By Caroline Hopper
On Friday, the Bureau of Labor Statistics released new data, showing 65,000 of the 120,000 jobs gained last month went to women. While I welcome this news, I would like to take a step back and examine the full picture before celebrating. The numbers also show that 339,000 women have dropped out of the labor market and the gender job gap remains at 1.5 million jobs.
During what has been an extended recovery from the recent economic crisis, men have gained a significantly larger number of jobs than women. Since October of 2009, when men and women showed similar total job numbers, men have gained over 1.5 million more jobs than women, according to IWPR. In fact, just in the past year, women have filled only 30 percent of the 1.6 million jobs added to payrolls.
Women Abandoned Job Market
As a college student during final exams week, these statistics leave me deflated. It’s hard to stay motivated during sleepless nights in the library, working towards a degree and a profession, with these numbers looming over my head. The outlook for anyone to find a job after college is not good and for me, as a woman, it may be even worse. Once in the job market, women also face a gender wage gap that can cut deeply into their lifetime earnings—leaving them behind in their retirement years.
I’m not alone in this discouragement. According to BLS data, from October to November, 339,000 women stopped looking for work and dropped out of the labor market. Meanwhile, 23,000 men starting working or combing the classifieds for job postings. This could be a cause for some of the apparent improvement in unemployment rates (which fell for both women and men).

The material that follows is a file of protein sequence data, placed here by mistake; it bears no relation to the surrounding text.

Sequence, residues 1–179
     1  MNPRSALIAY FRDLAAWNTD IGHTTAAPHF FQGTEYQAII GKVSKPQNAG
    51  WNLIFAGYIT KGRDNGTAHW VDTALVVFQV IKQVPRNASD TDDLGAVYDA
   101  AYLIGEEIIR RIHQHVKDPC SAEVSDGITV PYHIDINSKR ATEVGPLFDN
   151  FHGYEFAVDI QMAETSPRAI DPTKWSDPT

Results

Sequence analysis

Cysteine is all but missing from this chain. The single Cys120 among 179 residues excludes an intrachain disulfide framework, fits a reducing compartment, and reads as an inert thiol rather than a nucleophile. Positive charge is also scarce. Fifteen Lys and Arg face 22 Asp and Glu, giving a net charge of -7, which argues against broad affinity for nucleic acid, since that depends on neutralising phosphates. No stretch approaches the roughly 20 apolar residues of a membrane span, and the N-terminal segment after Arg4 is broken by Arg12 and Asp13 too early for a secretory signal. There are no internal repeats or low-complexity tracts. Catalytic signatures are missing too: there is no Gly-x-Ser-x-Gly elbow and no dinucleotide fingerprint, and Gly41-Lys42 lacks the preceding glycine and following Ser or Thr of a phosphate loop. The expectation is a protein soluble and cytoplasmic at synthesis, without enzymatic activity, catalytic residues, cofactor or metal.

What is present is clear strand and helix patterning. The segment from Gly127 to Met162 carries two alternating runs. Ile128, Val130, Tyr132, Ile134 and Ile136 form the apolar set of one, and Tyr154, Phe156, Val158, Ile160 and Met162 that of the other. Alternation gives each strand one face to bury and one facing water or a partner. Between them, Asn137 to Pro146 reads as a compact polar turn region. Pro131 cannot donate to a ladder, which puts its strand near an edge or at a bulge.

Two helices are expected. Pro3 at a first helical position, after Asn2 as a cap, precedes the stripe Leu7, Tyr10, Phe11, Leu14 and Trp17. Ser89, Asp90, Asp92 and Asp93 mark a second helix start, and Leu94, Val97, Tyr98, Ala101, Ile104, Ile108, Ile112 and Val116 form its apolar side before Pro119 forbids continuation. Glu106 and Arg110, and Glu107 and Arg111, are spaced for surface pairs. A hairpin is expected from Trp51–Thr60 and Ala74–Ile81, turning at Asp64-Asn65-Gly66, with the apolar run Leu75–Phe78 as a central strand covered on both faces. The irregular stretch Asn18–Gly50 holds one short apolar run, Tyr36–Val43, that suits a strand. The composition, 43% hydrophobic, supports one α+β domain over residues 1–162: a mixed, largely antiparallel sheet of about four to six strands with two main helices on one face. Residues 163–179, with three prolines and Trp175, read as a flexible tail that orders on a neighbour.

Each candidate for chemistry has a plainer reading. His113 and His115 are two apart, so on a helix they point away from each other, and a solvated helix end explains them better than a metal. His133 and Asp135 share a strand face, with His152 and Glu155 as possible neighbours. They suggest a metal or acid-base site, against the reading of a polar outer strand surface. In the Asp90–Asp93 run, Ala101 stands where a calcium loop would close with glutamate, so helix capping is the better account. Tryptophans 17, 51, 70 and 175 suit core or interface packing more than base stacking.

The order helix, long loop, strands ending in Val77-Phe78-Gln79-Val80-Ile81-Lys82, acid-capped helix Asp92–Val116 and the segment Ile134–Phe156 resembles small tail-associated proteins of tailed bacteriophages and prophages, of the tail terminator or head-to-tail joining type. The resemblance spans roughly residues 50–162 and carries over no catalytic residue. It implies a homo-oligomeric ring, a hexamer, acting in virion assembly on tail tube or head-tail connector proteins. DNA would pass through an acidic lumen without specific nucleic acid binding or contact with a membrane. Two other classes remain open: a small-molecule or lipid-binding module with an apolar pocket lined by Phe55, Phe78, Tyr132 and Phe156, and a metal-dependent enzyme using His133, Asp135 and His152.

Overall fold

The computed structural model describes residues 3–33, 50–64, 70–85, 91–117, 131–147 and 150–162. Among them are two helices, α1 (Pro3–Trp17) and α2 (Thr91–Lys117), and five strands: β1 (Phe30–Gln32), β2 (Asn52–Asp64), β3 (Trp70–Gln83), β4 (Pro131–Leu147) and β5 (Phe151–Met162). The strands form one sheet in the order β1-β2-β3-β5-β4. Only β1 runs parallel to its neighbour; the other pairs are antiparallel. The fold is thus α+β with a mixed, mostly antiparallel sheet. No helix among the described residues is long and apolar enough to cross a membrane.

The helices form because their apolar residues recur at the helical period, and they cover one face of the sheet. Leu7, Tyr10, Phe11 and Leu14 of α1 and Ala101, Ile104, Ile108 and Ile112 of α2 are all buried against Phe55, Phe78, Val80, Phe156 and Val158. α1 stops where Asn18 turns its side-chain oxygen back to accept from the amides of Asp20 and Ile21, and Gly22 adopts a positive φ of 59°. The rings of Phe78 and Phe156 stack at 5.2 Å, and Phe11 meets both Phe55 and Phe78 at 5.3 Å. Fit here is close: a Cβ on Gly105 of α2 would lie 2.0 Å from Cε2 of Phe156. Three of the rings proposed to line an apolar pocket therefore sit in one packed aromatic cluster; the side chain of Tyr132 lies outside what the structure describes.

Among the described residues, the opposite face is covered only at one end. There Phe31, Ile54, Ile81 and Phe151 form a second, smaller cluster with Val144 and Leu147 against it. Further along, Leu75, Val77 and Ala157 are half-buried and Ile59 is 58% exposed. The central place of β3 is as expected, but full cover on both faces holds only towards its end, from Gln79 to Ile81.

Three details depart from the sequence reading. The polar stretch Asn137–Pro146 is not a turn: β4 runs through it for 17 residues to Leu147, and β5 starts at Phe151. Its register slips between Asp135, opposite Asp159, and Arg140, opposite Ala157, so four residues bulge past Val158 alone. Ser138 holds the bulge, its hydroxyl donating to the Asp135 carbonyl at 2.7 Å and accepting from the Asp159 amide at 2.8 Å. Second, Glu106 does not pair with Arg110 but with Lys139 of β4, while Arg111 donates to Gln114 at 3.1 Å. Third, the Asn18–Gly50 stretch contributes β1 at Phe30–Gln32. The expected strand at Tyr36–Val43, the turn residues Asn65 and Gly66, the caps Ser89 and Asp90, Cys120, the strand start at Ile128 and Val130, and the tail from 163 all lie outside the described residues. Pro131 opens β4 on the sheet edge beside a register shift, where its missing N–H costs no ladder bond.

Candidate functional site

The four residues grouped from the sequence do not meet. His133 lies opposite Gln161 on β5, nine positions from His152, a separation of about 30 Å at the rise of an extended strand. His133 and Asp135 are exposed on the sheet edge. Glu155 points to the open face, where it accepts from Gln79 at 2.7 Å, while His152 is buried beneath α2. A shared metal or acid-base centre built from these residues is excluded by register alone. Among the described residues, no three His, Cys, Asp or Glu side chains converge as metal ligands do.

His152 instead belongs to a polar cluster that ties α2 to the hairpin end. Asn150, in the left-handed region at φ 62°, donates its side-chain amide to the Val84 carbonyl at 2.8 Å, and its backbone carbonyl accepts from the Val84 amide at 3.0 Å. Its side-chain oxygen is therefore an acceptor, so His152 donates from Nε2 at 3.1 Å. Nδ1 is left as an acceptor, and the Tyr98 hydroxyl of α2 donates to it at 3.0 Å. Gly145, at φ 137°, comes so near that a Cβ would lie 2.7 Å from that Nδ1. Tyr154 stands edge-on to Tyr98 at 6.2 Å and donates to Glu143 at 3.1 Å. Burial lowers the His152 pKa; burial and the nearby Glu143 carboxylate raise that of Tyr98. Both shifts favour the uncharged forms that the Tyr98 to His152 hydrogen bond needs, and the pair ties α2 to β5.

According to Secretary of Labor Hilda Solis, those who have abandoned the job market recently might be teachers or other employees who have been laid off from the public sector. IWPR research found that at the local level, between December 2008 and July 2011, the number of women in public sector employment decreased by 4.7 percent while the number of men decreased by only 1.6 percent. The majority of employees in the local public sector are elementary and secondary teachers.
Balancing Act for Women Has Gotten More Difficult
Another factor leading to these departures from the job market is the difficulty for women with obligations to care for children or for elderly parents to find a job that will accommodate their needs in a poor economy. For a woman, it is now even harder to try to do it all, balancing family and career.
According to an IWPR/Rockefeller Foundation survey released in October, women are less willing to move or accept a longer commute for a new job (54 percent of women would accept an increase in commuting time compared with 64 percent of men). Single mothers are much more willing to learn a new skill (85 percent) than to accept a job with lower pay (51 percent) or have a longer commute to work (55 percent).
So, while women did gain more jobs than men this month, these numbers are only one frame of an economy that is leaving many women unemployed—and possibly facing the expiration of their unemployment benefits. And, while job opportunities increased proportionally for women last month, it is also crucial to note that job growth remained quite slow for all. After all, the recovery should not be a competition between men and women. Rather, I hope that the recovery may lift our entire nation.
Caroline Hopper is a Communications Intern at the Institute for Women’s Policy Research.
To view more of IWPR’s research, visit IWPR.org